Here’s what the code to add a .htaccess redirect looks like:

“redirect 301 /old https://rankmath.com/new

The beginning “redirect 301” simply indicates to Apache that the information that follows is a redirect (in particular a 301 redirect) to forward one URL to another. And, in the case above “/old” is the original location (i.e. redirect source) of the page. And the “https://rankmath.com/new” URL is the destination for this redirect.

Please note: this part of the code requires the full URL to be entered in its entirety including “http://” or “https://”, for a .htaccess server-level redirect.

If you already use WordPress, of course, Rank Math makes this very easy as it even offers the ability to sync redirects to your .htaccess file so that they’re performed on the server level. 

But, even if your website isn’t powered by WordPress, you can still benefit from using Rank Math to manage your redirects since all redirects created can easily be exported to .htaccess files or NGINX config files. 

Meaning that you can create and modify redirects in bulk using Rank Math’s Export to CSV option and then re-import the redirects into a WordPress installation so that you can export them to a .htaccess file and add the redirect rules directly to your website’s .htaccess file.

Note: Redirectly is a useful tool that helps take the guesswork out of generating more complicated redirect rules. 

Method #4 – Creating 301 Redirects in Bulk By Editing Your NGINX .conf File

Depending on your web hosting environment, you may not be able to create 301 redirects by editing your .htaccess file – in which case, an alternative would be to use the NGINX config (.conf) file to do so instead… 

Similar to how the .htaccess file functions, you can create a 301 permanent redirect in NGINX by adding the following line:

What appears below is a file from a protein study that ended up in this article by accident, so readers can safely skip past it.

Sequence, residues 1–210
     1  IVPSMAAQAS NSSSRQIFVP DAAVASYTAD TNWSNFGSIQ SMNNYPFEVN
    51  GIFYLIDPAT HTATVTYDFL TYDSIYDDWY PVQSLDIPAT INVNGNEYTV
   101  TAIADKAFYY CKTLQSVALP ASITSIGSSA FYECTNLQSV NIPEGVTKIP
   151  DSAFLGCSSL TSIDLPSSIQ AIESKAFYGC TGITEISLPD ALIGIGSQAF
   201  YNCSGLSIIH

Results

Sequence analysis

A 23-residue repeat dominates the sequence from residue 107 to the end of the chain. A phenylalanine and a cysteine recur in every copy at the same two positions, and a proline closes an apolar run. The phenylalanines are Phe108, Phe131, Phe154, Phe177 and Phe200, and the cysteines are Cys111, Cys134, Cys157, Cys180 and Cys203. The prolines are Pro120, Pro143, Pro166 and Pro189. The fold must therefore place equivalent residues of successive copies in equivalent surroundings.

“rewrite ^/old$ https://rankmath.com/new permanent;”

The “rewrite” matches regular expression patterns in parenthesis.

The “/old” provides the original location of the page

The “https://rankmath.com/new” is the new URL of the page and is where the server should redirect visitors to.

The “permanent” tells NGINX that this is a permanent redirect so it’ll use the 301 (moved permanently) response code. 

Once complete, you will need to restart/reload NGINX for newly created redirects to start working as expected. As mentioned above, for .htaccess files – even if your website isn’t powered by WordPress – you can still manage your redirects with Rank Math as all redirects created can easily be exported to .htaccess files or, in this case, NGINX config files

Meaning that all you need to do is: 

  1. Export the CSV redirects using Rank Math
  2. Modify the file to create, edit and delete redirects as you see fit
  3. Re-import the CSV using Rank Math
  4. Export your redirects to your NGINX config file
  5. Add the rules to your server (specifically to this web applications) NGINX .conf file. 
  6. Restart NGINX to ensure that the changes made take effect. 

5 After Action Report – Test Your Redirects

Now that you know exactly how to set up & deploy 301 redirects in bulk – it’s important to note that you should thoroughly test your redirects as you implement them – especially if you used one of the advanced implementations or chose to use regular expressions. Test edge cases, variations of your domain (i.e. www and non-www) to ensure that the redirects do in fact work as intended. 

A great simple tool for this which makes it super simple to bulk test URL HTTP status codes, response headers, and redirect chains is HTTPstatus.io

If you have absolutely any questions or want to join the conversation – Tweet @rankmathseo! ?